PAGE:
City Auditorium

City Auditorium would be revamped with $53 million under a plan outlined June 15 by a newly formed organization.

A group of local heavy-hitters led by Colorado Springs Conservatory owner Linda Weise wants to pump $53 million into City Auditorium to rejuvenate it as a cultural asset that would host arts and music, nonprofit and business events.

For years, the city has been seeking to overhaul the landmark at 221 E. Kiowa St., built in 1923. The auditorium has been used in recent years for roller derbies, metaphysical fairs and occasional concerts. In 2008, the memorial service for long-time Colorado Springs Mayor Bob Isaac was held there.

The facility can seat roughly 3,000, but plumbing, electrical and other aspects are long overdue for repairs and/or replacement.

Linda Weise

Linda Weise, who will step aside from her Colorado Springs Conservatory, will head up the effort to remake City Auditorium.

Enter Linda Weise, who's taught theater and music to youth in the region for 30 years through the Colorado Springs Conservatory. She's assumed the title of president and CEO of the Colorado Springs Community Cultural Collective, which proposes to take on remaking the auditorium.

In that role, she told El Paso County commissioners on June 15 in a bid for a $10 million donation, she'll guide the effort to usher in a second century of use for the auditorium.

The city lacks the necessary resources for renovation and optimal operation, she said. But under the care and ownership of a nonprofit, she noted, the facility could satisfy a variety of needs, add to the city's appeal for visitors and stimulate the local arts scene for residents.

The group's plan is to redesign the facility, expanding it from 40,000 square feet to 90,000 square feet. An addition would be built on the south side, and new floors added to capitalize on the building's size. A chief stage would be preserved and seat about 600.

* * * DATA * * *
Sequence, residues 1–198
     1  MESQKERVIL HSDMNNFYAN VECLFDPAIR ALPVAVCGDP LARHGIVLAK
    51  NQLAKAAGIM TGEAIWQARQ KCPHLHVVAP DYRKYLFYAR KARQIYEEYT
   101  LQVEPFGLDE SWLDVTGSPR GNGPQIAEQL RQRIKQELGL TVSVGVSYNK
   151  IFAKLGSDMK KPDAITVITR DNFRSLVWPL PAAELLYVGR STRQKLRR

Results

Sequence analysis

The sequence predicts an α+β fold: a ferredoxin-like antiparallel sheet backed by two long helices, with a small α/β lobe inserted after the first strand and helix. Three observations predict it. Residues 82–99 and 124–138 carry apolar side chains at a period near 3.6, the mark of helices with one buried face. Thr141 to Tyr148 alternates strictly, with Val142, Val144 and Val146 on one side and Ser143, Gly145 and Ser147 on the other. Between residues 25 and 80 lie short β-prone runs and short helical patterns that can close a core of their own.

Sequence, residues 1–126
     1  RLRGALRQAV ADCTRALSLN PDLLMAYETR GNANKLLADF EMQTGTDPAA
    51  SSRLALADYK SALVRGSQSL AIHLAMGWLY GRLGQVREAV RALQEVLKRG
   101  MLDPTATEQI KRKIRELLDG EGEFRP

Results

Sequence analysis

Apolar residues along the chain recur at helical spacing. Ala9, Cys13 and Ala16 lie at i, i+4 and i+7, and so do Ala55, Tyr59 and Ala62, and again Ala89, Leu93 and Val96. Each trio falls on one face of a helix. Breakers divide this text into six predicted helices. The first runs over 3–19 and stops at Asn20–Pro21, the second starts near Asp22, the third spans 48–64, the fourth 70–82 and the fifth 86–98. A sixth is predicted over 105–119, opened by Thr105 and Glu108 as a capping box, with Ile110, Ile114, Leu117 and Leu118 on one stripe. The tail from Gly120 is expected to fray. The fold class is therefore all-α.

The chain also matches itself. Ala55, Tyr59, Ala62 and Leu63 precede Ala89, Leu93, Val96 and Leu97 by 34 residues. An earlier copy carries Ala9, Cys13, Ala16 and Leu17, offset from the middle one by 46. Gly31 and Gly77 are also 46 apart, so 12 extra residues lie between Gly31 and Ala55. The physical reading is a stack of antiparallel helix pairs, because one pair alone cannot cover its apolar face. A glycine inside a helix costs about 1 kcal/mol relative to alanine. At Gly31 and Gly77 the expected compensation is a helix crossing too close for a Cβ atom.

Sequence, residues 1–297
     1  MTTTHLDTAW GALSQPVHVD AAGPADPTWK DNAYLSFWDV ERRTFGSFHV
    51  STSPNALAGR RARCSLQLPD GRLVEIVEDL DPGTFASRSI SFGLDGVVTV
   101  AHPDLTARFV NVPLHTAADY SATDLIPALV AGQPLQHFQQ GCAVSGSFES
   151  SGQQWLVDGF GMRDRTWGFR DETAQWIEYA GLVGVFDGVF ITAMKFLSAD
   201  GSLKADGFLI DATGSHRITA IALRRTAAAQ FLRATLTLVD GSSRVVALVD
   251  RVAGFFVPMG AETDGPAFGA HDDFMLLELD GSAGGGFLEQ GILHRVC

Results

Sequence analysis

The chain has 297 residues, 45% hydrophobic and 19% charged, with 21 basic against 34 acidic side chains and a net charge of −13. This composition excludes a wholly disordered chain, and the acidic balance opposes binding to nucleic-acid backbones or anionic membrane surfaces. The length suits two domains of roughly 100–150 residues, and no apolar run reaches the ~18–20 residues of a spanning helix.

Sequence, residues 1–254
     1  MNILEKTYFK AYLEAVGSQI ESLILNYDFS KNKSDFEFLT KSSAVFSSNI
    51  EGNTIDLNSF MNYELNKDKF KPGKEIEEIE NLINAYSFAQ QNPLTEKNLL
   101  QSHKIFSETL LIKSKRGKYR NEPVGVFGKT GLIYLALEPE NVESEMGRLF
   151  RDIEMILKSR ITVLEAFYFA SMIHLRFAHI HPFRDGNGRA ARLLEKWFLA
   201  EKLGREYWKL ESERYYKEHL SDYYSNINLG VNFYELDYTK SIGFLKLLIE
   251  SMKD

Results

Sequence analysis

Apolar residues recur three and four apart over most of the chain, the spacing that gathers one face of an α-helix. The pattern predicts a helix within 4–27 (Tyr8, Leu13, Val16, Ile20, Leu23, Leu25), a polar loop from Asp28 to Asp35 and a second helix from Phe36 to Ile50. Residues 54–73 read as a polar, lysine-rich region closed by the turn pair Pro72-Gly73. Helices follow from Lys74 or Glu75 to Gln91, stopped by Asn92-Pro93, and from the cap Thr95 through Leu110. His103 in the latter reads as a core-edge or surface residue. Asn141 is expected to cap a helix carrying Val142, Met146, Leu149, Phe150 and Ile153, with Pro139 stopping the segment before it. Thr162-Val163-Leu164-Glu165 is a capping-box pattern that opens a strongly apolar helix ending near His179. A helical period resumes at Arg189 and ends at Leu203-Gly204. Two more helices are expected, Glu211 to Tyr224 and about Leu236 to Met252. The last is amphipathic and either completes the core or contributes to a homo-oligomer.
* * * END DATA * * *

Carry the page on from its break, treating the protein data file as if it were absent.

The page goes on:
City Auditorium lies within the City Auditorium Block Urban Renewal Area bounded by Kiowa on the north, Pikes Peak Avenue on the south, Nevada Avenue on the east and Weber Street on the west.

City aud interior

The main stage area and the entry way for the auditorium as it exists today.

Being part of the Urban Redevelopment Authority (URA) means that tax increment financing could be used to help fund the project. The URA developer is Norwood Development Group, which also serves as master developer for the Southwest Downtown URA on the opposite end of downtown where the Olympic & Paralympic Museum and Weidner Field are located.

Backers are looking for money from the county and city, coming from $140 million and $76 million allocations from the American Rescue Plan Act, respectively, as well as from the state and, potentially, the National Endowment for the Humanities and other national organizations.

Weise's presentation also provided a list of who's who in the local philanthropic community as "institutional funders." Those include El Pomar Foundation, Anschutz Foundation, Bee Vradenburg Foundation, Daniels Foundation, Ent Credit Union Foundation, GE Johnson Foundation, Lyda Hill Foundation, Myron Stratton Foundation, among others.

A pro forma capital and operating budget shared with commissioners shows construction would cost $52.9 million, with $3.6 million of that set aside as a contingency. Revenue is stated as $56.5 million, which includes donation of the building by the city, a value of $2.265 million. Weise said tax credits and other sources of funding would only be available if the facility is in the hands of the new Cultural Collective nonprofit agency, rather than the city.